The Black Archives History & Research Foundation of South Florida was recently awarded $250,000 by the Institute of Museum and Library Services (IMLS) to digitize its periodical collection, inclusive of the Tropical Dispatch, Nite Life and The Miami Times, South Florida's oldest and largest Black-owned newspaper.
The grant will enable the organization to purchase a high-tech scanner to begin digitizing its vast collection, which houses more than 2,500 linear feet of primary source materials, personal and professional papers, scrapbooks, billboards, photographs, and oral histories on both audio and videotape. The Black Archives has the largest and most comprehensive holding of materials related to people of African descent in South Florida in the 20th century.
“The Black Archives is the leading archival source for South Florida’s Black history, and this project is a game-changer for our organization,” said Timothy A. Barber, executive director. “This grant will allow us to not only provide more accessibility to our holdings through digitization, but also allow our organization to use these newly gained resources to empower other Black organizations to maintain the integrity of their collections.”
The funding’s greatest significance is its placement of more Black History in Black hands, rather than it being transferred to white-dominated institutions with greater resources for preservation. The grant means The Black Archives will not only keep its holdings in-house, but it also allows for further training of archival staff so it can work with smaller, nontraditional organizations to help them digitize their own collections.
"My grandfather would be very proud to know that the legacy of The Miami Times is being well-preserved and made even more accessible to future generations through this project," said the paper’s publisher, Garth Reeves III.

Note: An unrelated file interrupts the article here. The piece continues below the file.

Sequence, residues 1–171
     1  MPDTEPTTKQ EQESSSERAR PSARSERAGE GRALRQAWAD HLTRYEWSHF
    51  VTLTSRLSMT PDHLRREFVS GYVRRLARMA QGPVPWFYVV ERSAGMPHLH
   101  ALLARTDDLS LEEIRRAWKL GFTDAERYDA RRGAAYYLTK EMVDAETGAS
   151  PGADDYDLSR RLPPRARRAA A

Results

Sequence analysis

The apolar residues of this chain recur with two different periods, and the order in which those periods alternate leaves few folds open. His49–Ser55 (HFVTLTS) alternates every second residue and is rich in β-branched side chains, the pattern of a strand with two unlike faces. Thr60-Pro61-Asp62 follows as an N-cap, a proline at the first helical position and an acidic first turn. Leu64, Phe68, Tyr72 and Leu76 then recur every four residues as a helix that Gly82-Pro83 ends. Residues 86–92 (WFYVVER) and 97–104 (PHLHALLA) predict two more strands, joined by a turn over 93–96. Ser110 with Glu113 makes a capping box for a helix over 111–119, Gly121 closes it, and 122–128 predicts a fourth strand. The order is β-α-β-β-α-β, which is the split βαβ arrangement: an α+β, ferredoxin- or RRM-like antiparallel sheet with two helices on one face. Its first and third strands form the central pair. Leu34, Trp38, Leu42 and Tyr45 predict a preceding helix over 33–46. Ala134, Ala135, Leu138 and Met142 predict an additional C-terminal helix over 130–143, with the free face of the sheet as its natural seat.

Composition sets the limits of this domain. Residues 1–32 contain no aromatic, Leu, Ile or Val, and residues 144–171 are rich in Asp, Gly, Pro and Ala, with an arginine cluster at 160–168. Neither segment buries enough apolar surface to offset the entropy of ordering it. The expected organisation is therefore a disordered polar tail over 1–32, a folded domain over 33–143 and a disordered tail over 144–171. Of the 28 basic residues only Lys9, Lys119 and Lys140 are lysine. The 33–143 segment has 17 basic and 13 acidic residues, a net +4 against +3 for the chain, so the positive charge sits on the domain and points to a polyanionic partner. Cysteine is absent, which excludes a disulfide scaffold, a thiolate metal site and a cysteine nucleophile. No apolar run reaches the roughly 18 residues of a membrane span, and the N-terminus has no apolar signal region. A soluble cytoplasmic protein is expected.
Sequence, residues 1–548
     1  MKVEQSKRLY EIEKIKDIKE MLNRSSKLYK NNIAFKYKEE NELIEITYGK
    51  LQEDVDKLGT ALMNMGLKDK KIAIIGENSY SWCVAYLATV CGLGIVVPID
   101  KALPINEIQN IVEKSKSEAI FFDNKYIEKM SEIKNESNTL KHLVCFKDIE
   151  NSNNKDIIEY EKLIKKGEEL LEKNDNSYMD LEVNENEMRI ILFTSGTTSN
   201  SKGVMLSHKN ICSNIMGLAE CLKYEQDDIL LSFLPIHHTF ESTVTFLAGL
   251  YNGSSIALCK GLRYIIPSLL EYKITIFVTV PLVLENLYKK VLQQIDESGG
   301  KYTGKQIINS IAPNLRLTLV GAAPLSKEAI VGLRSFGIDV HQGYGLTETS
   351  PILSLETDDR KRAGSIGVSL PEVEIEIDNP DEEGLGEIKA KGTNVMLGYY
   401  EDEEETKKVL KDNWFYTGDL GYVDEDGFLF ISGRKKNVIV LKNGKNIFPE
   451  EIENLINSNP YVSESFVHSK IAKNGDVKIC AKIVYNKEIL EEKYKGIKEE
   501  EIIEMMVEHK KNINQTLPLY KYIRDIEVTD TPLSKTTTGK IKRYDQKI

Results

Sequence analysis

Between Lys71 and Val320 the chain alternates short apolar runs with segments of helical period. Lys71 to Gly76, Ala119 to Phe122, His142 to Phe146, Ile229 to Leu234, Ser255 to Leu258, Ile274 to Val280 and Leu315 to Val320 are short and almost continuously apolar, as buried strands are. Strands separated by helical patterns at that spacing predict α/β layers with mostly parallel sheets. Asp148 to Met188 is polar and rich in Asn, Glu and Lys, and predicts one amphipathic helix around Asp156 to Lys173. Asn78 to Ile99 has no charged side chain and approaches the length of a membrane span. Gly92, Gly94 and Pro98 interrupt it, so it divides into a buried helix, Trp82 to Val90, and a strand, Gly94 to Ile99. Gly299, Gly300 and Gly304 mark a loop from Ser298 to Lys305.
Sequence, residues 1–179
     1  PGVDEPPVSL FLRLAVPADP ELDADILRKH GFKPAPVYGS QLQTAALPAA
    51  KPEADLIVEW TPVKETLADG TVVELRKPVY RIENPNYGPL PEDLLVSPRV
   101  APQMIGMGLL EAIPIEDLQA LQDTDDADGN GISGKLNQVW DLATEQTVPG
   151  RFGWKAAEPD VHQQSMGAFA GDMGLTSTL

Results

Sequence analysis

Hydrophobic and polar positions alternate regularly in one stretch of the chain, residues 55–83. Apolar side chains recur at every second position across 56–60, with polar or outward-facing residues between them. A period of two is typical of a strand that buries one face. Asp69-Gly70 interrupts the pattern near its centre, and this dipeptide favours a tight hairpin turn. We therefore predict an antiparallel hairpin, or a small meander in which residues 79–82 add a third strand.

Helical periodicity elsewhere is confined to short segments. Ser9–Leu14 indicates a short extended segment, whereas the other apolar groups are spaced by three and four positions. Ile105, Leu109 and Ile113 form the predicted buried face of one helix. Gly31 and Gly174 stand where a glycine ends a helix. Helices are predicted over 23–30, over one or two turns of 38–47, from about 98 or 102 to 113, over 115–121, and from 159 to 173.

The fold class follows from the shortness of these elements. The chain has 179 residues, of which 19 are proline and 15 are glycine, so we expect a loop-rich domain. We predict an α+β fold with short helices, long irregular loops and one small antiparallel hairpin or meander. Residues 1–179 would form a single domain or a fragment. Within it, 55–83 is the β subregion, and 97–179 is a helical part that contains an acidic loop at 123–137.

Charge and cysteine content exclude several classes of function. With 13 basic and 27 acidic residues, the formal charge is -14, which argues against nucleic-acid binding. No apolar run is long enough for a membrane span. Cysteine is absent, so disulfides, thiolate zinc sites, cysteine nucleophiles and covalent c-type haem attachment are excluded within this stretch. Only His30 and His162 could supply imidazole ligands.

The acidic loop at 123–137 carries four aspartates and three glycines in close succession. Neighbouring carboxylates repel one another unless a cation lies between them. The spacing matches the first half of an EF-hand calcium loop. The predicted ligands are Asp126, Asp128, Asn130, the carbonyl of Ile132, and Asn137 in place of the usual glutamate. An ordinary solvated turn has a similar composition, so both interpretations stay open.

The project will engage undergraduate and graduate students from local universities as paid interns to assist archival staff, providing them with skills in document handling and digitization while building and expanding their work experience in the museum field. The Black Archives will also establish a new virtual research service to be utilized by the public to interact with archival staff for real-time research.
The nonprofit Black Archives – founded in 1977 by Dorothy Jenkins Fields – is a photographic and manuscript archival research repository dedicated to documenting the history of the African diaspora in Miami-Dade County from 1896 to the present. It is housed at The Black Archives Historic Lyric Theater (BAHLT) Cultural Arts Complex, a landmark built in 1913 that’s listed on the National Register of Historic Places.
The organization has received three previous awards from IMLS since 2009, which has helped it build capacity, develop its staff, fund internship programs and create the organization’s first online archival presence.
“Our track record of success with the Institute of Museum and Library Services is a testament to our commitment to doing the work necessary to maintain good stewardship of the collections in our care,” said Barber. “In order to continue to carry out our mission effectively, we have to think about what it means to preserve, protect and disseminate this history in the technological era. This IMLS grant project will allow us to solidify our history’s place in the future.”
The recent and most substantial award given to the Black Archives by IMLS was among 72 grants distributed to organizations around the country totaling $3,231,000 in funding for African American history and culture. The Black Archives was the only South Florida institution to receive an award.